THE NEW KID

Something about the new kid
didn't seem quite right.
And I think,
he would himself agree.

The first night there,
in the dorm,
surrounded with renegades
from every tribe,
Vincent lay awake
contemplating his situation.

This was no dream,
he assured himself.
It was no dream.
Though that afforded him
little comfort
Vincent felt not the urge
to bolt.
He, like a hero, remained calm,
remained still and pondered.

For this he took
the classic pose,
hands behind the head
while staring at the ceiling.

Looking around in the dark,
he could see by the light of a distant begrudging star,
the huddled sleeping forms
of his fellow cast-offs,
as he considered:
"Sure, they got it made;
the food, the arts,
but I understand
the taxes are killing them…"
said a distinctly British voice,
and Vincent
was jolted awake.
Talk about dreams.
"Weeks passed
and Vincent had become
the most popular kid…"
said a narrative voice,
and Vincent was
jolted awake again.

Talk about nightmares.

Weeks passed
and Vincent was
as abstract from the crowd
as he had been at his arrival.

He watched as alliances formed
and camaraderie lead to whispered
vulgarities
and back-slapping friendships.
There was some snorting,
such was the cleverness.

He stood off alone.
He stood off alone,
at a distance (over there near the rusty forgotten
basketball hoop mostly),
forming no alliance,
and whispering no vulgarities,
and, slapping no one's back
and snorting not at all,
and, as the bible says,
he understood them not.

He had no real,
you know, palpable,
craving for friendship.
But, (here's hope)
deep within the gurgling mess of his loins
…need I say more?

We find our ways.
We all find our ways.

So here he is now,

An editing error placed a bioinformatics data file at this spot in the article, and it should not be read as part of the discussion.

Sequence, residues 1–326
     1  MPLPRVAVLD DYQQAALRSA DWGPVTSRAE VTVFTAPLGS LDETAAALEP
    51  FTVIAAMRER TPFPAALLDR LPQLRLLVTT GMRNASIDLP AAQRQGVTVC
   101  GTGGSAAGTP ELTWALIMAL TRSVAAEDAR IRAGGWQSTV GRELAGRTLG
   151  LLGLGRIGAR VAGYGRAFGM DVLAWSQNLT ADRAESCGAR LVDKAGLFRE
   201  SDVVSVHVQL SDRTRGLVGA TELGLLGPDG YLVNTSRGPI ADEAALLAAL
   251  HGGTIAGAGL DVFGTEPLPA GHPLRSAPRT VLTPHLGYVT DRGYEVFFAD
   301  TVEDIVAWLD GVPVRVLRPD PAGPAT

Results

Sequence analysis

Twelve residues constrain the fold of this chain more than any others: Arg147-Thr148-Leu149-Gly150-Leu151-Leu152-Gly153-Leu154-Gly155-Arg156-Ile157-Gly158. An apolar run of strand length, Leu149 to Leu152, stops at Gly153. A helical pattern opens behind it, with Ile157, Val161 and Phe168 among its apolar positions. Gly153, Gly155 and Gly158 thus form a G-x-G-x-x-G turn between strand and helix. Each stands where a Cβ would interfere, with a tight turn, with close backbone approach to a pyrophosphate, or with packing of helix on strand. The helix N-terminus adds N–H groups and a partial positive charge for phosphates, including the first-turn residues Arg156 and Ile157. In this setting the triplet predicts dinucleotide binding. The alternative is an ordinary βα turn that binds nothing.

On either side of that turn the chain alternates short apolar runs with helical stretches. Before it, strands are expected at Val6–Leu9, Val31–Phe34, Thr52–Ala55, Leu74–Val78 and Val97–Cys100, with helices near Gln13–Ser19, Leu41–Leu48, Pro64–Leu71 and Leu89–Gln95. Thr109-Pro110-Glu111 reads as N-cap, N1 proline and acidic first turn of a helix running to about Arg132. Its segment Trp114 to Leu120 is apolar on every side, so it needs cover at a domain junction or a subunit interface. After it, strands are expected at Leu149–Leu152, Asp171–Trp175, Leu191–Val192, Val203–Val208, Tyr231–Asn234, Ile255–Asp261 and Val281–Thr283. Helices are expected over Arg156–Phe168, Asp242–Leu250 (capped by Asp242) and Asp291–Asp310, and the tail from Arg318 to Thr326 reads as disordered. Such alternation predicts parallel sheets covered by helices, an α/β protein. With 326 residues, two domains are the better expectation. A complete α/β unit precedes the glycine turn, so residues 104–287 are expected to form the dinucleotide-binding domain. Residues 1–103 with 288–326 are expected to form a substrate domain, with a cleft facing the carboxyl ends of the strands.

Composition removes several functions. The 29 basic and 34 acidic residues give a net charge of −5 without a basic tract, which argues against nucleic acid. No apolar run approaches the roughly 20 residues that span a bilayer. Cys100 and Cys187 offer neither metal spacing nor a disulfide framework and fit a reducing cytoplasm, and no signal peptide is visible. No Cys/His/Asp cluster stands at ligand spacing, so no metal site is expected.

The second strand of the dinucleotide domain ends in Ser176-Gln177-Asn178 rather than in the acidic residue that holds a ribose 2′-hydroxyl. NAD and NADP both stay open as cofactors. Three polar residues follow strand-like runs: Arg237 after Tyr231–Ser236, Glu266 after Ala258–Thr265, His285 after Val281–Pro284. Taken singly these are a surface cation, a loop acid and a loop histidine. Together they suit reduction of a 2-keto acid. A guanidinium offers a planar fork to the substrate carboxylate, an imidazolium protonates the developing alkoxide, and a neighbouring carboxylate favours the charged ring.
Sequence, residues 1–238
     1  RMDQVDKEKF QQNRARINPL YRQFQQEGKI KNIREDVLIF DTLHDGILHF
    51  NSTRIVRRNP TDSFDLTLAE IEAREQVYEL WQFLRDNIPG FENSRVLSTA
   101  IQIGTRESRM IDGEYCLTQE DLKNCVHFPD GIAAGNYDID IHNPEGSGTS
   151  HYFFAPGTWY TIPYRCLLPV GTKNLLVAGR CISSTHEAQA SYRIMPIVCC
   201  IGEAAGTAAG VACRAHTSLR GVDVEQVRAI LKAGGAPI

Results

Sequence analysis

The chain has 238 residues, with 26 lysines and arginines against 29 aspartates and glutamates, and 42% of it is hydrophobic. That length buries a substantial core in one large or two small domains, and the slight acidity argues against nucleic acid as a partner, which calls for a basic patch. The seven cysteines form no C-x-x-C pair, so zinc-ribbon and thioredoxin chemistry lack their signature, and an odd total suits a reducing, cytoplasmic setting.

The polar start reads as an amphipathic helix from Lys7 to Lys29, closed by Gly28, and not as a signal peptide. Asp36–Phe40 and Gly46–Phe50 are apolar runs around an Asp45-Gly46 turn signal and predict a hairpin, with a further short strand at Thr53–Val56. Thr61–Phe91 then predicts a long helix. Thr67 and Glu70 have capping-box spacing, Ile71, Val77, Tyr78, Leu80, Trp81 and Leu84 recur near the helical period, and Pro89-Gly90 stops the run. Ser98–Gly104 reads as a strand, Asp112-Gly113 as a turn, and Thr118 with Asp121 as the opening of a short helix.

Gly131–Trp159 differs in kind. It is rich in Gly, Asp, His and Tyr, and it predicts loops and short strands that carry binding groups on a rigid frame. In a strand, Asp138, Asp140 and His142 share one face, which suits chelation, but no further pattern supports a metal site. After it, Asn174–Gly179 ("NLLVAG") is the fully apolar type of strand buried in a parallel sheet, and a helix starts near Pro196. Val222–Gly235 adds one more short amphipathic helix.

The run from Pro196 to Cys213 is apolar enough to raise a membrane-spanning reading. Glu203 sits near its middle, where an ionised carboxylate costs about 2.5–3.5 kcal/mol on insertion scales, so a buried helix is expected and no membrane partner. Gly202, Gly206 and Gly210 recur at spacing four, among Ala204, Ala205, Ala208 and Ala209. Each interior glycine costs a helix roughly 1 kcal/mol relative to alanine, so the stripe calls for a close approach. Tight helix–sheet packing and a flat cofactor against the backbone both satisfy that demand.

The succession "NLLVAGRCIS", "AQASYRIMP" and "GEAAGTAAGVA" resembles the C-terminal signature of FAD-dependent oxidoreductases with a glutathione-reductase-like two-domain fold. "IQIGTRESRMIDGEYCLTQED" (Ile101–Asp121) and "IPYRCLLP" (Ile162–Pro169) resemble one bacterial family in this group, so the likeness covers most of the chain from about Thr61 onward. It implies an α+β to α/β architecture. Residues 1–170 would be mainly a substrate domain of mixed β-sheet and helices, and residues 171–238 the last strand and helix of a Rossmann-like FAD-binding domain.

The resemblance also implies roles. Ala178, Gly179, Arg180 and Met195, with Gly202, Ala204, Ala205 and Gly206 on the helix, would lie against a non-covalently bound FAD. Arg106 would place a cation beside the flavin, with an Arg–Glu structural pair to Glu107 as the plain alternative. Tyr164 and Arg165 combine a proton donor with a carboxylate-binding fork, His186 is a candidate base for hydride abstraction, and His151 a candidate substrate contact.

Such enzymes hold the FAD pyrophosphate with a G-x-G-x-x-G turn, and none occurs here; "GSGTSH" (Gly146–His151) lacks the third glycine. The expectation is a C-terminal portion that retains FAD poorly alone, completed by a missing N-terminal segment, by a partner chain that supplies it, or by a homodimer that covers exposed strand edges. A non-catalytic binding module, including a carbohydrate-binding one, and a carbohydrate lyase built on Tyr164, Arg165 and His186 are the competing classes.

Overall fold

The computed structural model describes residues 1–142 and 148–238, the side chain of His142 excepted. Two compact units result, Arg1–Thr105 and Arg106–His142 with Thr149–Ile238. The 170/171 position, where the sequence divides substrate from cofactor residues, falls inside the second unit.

sneaking out the window at night.
We see him as
he makes his way
under the moonlight
across an open expanse,
as if escaping
from a movie-set-prison.

And here he is
at the gate
and, now, already he has slipped through.
And now he takes to foot
down a winding dusty path.
(Let’s not forget that moonlight.)

And here he is now
already lying beside her
in a small cot
with only an old army blanket
over their skinny jutting frames…
and, as they say,
the bony bodies bumped through the night.

(This is how quickly thing happen in Life.
It's a wonder that upon returning
from some disappointment or another
we don't bump into ourselves departing
with the idiot grin of expectation
still upon our ever-hopeful faces.)

Oh,
and I meant to say something
about the chicken incident
but forgot.

Only let me say this much about that:
I suppose in any real kind of writing
Vincent would be held responsible
for the chicken incident.
After all he seemed a likely suspect,
always keeping to himself
and quiet
and similar, somewhat trying
misdemeanors.

In the best American writing
he'd be wrongly accused and
OH, the injustice of it all!

But, Vincent had his own problems—
chickens aside.
BACK to CONTENTS